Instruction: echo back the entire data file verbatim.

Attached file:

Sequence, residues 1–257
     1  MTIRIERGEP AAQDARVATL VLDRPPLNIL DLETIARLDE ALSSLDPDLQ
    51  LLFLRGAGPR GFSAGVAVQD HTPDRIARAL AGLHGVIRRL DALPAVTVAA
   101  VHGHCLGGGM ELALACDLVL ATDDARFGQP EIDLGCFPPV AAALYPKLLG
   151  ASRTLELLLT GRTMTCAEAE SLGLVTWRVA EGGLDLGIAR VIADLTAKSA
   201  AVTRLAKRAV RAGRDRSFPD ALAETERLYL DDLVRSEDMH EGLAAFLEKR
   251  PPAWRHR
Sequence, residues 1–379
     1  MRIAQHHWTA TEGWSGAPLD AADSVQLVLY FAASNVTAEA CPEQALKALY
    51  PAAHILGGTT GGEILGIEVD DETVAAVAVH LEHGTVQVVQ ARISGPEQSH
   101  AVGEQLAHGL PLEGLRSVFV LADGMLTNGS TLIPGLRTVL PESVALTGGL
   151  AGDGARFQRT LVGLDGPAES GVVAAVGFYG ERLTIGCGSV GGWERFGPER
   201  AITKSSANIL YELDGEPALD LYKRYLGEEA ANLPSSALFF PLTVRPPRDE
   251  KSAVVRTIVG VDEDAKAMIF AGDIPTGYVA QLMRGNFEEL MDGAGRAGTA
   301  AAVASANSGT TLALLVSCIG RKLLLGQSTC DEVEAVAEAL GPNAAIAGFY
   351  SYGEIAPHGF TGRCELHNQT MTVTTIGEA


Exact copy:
Sequence, residues 1–257
     1  MTIRIERGEP AAQDARVATL VLDRPPLNIL DLETIARLDE ALSSLDPDLQ
    51  LLFLRGAGPR GFSAGVAVQD HTPDRIARAL AGLHGVIRRL DALPAVTVAA
   101  VHGHCLGGGM ELALACDLVL ATDDARFGQP EIDLGCFPPV AAALYPKLLG
   151  ASRTLELLLT GRTMTCAEAE SLGLVTWRVA EGGLDLGIAR VIADLTAKSA
   201  AVTRLAKRAV RAGRDRSFPD ALAETERLYL DDLVRSEDMH EGLAAFLEKR
   251  PPAWRHR
Sequence, residues 1–379
     1  MRIAQHHWTA TEGWSGAPLD AADSVQLVLY FAASNVTAEA CPEQALKALY
    51  PAAHILGGTT GGEILGIEVD DETVAAVAVH LEHGTVQVVQ ARISGPEQSH
   101  AVGEQLAHGL PLEGLRSVFV LADGMLTNGS TLIPGLRTVL PESVALTGGL
   151  AGDGARFQRT LVGLDGPAES GVVAAVGFYG ERLTIGCGSV GGWERFGPER
   201  AITKSSANIL YELDGEPALD LYKRYLGEEA ANLPSSALFF PLTVRPPRDE
   251  KSAVVRTIVG VDEDAKAMIF AGDIPTGYVA QLMRGNFEEL MDGAGRAGTA
   301  AAVASANSGT TLALLVSCIG RKLLLGQSTC DEVEAVAEAL GPNAAIAGFY
   351  SYGEIAPHGF TGRCELHNQT MTVTTIGEA